Exploring Angkor temples with kids – Parents survival guide for Siem Reap

Siem Reap was one of the highlights during our trip. We followed the lightweight guide to Angkor shared by Never Ending Voyage. Their post “A Lightweight’s Guide to the Temples of Angkor” was invaluable. It is a must read and we followed most of it, however, whilst travelling to Siem Reap with kids you soon learn a few extra  things worth sharing and that is the focus of my post.


People will argue about rainy season vs dry season.  Some months are hotter than others.  You will be advised that taking a baby when it is so hot is not a good idea, impossible, etc.

In my view we went at the perfect time; beginning of June. It was low season, very affordable, “quieter” and only had two occasions of rain which were much appreciated.


Siem Reap Airport

It’s all about the visa. A well organized process that takes around 30 min to an hour.

Take your own passport pictures with you and the amount to pay in USD. If you don’t have the cash there is an ATM that dispenses US notes.

You do not need to take pictures for the children (Dylan was 4 at the time) but you do need to pay for their visas and fill in all the forms even if they are infants. We learned this the hard way and it took us almost an hour to get through.

Need a local sim card for Cambodia? After bag collection there are a few cubicles before you exit the airport that sell these along with data plans.


I will always default to Airbnb.  In this case choices were limited. Instead we stayed at Chateau d’Angkor La Residence.  About 50 USD/night that time of year. Complete bargain! Fantastic find and a perfect hotel for families. I have listed a few reasons why it’s such a good choice:

  • Huge room
  • Provided a cot for baby
  • Had a separate spacious living room, dining table and kitchen
  • Full kitchen (no microwave but hotel happy to reheat food if needed)
  • Washing machine with washing powder included – so necessary if packing light
  • Great pool
  • Breakfast was included
  • Cable with cartoon channels in English. Dylan had grown tired of watching Scooby Doo in Thai


In terms of getting around with the baby we took our MaxiCosi car seat which connects to our Quinny Zapp stroller. The car seat fitted nicely in the tuk-tuks. See this video:

The terrain and steps do not accommodate strollers so a baby carrier will be your best friend. We hired our own tuk-tuk as opposed to the organised tours. Our driver would take us everywhere and anywhere we wanted, day or night, rain or shine.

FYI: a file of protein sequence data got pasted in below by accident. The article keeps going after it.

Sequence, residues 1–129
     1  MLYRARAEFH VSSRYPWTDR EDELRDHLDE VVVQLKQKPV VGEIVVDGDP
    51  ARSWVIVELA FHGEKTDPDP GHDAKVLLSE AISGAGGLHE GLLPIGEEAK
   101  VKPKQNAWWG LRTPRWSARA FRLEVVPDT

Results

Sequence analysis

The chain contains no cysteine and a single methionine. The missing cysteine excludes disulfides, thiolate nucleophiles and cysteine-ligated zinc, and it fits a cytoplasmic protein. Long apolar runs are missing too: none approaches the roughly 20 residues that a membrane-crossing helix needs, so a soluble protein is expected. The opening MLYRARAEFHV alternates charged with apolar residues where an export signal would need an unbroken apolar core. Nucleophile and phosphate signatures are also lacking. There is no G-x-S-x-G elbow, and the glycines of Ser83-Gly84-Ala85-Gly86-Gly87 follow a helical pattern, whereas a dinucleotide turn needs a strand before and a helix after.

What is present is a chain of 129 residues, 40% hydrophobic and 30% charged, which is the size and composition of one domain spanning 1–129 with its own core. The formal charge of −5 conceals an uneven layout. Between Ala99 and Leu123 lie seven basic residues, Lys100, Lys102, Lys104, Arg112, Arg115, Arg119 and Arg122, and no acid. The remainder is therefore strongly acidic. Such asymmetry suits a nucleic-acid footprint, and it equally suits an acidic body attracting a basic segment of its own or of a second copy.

We took a leap of faith with our driver who we met off the street. He was well presented and had a nice smile. Whilst his English is intermediate he would give advice if he felt we were doing something wrong or we were planning to go late somewhere. His name is Mab and this is his phone number is +85 517 553 379. Probably best to have the hotel give him a call for you. Very trustworthy and when it came to paying he just asked us to give him what we thought was fair.


The only occasion we used a private car was to visit Banteay Srei. We booked a car via Long Kim San. Our driver happened to be a former monk.  His English was excellent and he had children the same age as ours so gave us great tips. He also drives a tuk-tuk. A big advantage of the car was the A/C!


Early dinner at Haven followed by the Phare Circus

There are so many restaurants in town and it can be overwhelming as they all look good.  The centre is buzzing and seems to have a great nightlife.  We were all very tired after exploring the temples so sitting in a restaurant seemed like a task each night.

As the hotel had a kitchen we bought food based on Tripadvisor reviews and would just bring the food back to the room and have a peaceful meal at the dining table while the children were asleep. We also found many imported products, even more so than in Thailand, so took advantage and bought some Heinz baked beans for Dylan.

The one restaurant I will recommend is Haven, a training restaurant for vulnerable young adults from orphanages. Excellent service. They were lovely and patient with the children, food was absolutely delicious, and it supports a great cause. No doubt why it is at the top of Tripadvisor. Read all about it here. Booking is essential and we managed to take the last table they had for a 6pm sitting.


Phare Circus

We decided to go the Phare Circus to support their worthy cause. The show starts at 8pm so Dylan was not so tired. There were other families with small children. Some loved it though others were afraid of the fire – depends on your child. Dylan loves fire and acrobatics so he really enjoyed it. Jonas on the other hand fell asleep before it started and woke up once, had a glance and went back to sleep.

Landmine Museum

Returning from  Banteay Srei temple our driver suggested a quick stop at the Cambodian Landmine Museum. The founder of the museum is such an admirable person and you will read harrowing tales about the Khmer Rouge. A humbling lesson on Cambodian history.

Jungle Junction

This is a must. By day 3 we realized Dylan was “templed out” and needed a break. We went to Jungle Junction, owned by a Kiwi family. It has large grounds with trampolines, bouncy castles, outside seating area, swings, indoors play area with ball pool. They have it all and what is best is that they will look after your baby/child while you enjoy a drink on the top floor.  Free babysitting – thank you! We even indulged on a game of pool and had cocktails and food.

We got their by tuk-tuk but not many drivers knew where to go. Feels it’s a bit out-of-town but only 5 minute drive. Really worth it. Just arrange your transport and make sure they know where they are going.


Check our top temples here soon as it deserves a post on its own right.

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